Looking at the bowl, or even taking a step toward the bowl in this example would be known as a successive approximation – it’s close to the behavior we want, but it’s not exactly it since we want the dog to pick up the bowl. Once the dog learns that every time it goes near or toward the dog bowl, it gets a reward, then next time, the dog will immediately go toward the dog bowl for a reinforcer.
After each time you give a reinforcer, you want to make sure you reward the next step in the behavior. The first few rewards will be for walking up to the bowl and getting closer to the bowl. The next step would be rewarding each time the dog either gets closer to the bowl or when it lowers its head to the bowl.
Returning back to resetting your animal’s position, I know several trainers who, once the dog has been treated for a successive approximation, would stop the dog, and place them in the middle of the room again. Why do this? Because it’s easier for your dog to understand that it’s the act of moving toward the bowl AND NOTHING ELSE that will get a reward. If you’ve owned a dog before or tried dog training yourself, you’ll know that most dogs will throw a million behaviors at you, and when you reinforce behaviors, you need to make it as clear as possible to your subject which behavior you want.
Once the dog reaches the bowl, the slightly tricky part is going to be reinforcing it when the dog puts the bowl in its mouth. This is where an analysis of the behavior comes in handy. Break down the behavior your dog has to do in order to put the bowl in their mouth or, if your dog figured out what you want fairly quickly, what behavior your dog has to do to put the bowl in the washing machine. This is also where you reward for each of those gradual steps being completed.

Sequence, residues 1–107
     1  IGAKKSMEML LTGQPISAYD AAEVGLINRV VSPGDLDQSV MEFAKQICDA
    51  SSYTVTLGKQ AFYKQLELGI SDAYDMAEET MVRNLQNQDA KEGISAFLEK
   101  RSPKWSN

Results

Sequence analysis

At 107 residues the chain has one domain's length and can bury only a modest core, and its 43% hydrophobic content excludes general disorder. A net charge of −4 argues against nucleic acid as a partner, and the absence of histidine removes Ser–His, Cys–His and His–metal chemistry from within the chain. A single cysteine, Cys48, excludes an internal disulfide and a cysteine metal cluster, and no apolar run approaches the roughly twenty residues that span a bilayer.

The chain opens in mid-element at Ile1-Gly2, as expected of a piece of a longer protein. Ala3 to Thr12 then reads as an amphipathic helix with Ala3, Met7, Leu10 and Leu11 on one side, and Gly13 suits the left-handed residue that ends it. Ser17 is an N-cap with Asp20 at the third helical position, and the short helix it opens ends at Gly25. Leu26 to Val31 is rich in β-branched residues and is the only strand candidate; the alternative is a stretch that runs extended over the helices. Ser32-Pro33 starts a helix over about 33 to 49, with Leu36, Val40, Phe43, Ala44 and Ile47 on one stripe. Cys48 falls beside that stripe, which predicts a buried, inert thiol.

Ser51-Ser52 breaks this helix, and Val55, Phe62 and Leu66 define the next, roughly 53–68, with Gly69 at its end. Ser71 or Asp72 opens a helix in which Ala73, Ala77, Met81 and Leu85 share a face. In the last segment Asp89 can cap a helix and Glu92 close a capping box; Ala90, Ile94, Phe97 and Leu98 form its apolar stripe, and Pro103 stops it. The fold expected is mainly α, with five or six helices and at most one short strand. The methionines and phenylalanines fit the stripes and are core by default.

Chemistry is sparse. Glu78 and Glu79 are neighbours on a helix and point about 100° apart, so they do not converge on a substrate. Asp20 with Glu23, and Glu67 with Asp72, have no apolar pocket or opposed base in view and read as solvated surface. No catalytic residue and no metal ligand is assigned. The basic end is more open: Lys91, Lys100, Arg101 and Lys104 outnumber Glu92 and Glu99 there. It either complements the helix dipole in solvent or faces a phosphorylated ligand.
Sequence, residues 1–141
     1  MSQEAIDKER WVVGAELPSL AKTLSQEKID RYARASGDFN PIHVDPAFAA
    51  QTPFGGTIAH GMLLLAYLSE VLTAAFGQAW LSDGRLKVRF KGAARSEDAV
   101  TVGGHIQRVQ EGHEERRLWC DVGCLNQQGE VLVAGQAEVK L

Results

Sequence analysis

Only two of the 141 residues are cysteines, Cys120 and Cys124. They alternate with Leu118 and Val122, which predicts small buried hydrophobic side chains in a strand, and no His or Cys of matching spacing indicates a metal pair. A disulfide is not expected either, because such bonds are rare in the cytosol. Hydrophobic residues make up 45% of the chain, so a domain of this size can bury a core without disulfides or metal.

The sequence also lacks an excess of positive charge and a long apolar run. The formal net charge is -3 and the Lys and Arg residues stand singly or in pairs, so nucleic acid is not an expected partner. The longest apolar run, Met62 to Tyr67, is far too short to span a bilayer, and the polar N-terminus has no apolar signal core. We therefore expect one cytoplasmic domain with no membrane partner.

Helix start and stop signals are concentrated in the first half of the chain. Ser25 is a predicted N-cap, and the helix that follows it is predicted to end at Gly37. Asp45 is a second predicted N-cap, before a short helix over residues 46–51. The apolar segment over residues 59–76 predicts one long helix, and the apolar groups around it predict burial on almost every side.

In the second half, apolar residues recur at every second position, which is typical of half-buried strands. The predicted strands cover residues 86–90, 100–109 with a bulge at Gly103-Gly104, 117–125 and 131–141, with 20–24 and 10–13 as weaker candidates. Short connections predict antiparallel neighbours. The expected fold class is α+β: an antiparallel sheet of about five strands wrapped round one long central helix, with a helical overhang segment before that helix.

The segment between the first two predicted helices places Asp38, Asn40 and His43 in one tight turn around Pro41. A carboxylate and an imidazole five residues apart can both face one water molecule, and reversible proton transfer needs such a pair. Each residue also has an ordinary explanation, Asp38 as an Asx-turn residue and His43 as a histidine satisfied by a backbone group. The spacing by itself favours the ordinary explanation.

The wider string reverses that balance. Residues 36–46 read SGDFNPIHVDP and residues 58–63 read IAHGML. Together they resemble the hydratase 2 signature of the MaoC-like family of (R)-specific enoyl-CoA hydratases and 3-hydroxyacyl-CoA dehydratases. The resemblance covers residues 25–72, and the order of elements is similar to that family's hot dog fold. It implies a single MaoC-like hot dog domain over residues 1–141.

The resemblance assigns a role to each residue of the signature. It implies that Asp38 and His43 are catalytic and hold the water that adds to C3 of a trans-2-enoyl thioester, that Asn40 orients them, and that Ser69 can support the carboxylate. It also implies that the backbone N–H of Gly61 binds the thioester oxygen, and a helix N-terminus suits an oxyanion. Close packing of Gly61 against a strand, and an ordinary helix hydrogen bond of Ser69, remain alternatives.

In this exact case, it’s been my experience that most dogs will meander over to the bowl (since they learned that we’re reinforcing for walking to the bowl) and then look back at us, unsure what to do. When they realize we’re not clicking and treating, then they will be confused and try new behaviors in an attempt to get us to click.
When your dog is throwing out new behaviors, make sure you click for each successive approximation your dog performs. Ask yourself questions like, “does my dog need to learn that every time it lowers its head toward the bowl then it’ll get a treat?” Or “does my dog need to learn that every time it touches the bowl, it will result in a treat?”
Keep an eye on your dog in this scenario, and go at the pace your dog is learning at. But remember, if your dog isn’t getting it, break down the behavior more or go back to a step your dog already knows.
But in this case, you would reward once your dog touched its food bowl. Then, reward again when it opens its mouth near the bowl, and finally, you reward when your dog finally picks it up into his mouth.
If you wanted to get your dog to put the bowl into the machine, then you would just continue reinforcing the successive approximations until your dog has reached the final behavior of picking up the bowl.
I love shaping, but in practice, shaping is not as easy as it sounds. This is just as much of an art form as it is a science.
When you’re training dogs, you’ll notice that dogs throw out a million and one behaviors for you to try and click. During this time, you need to click at just the right time for the right behavior so your dog understands what he or she needs to be doing.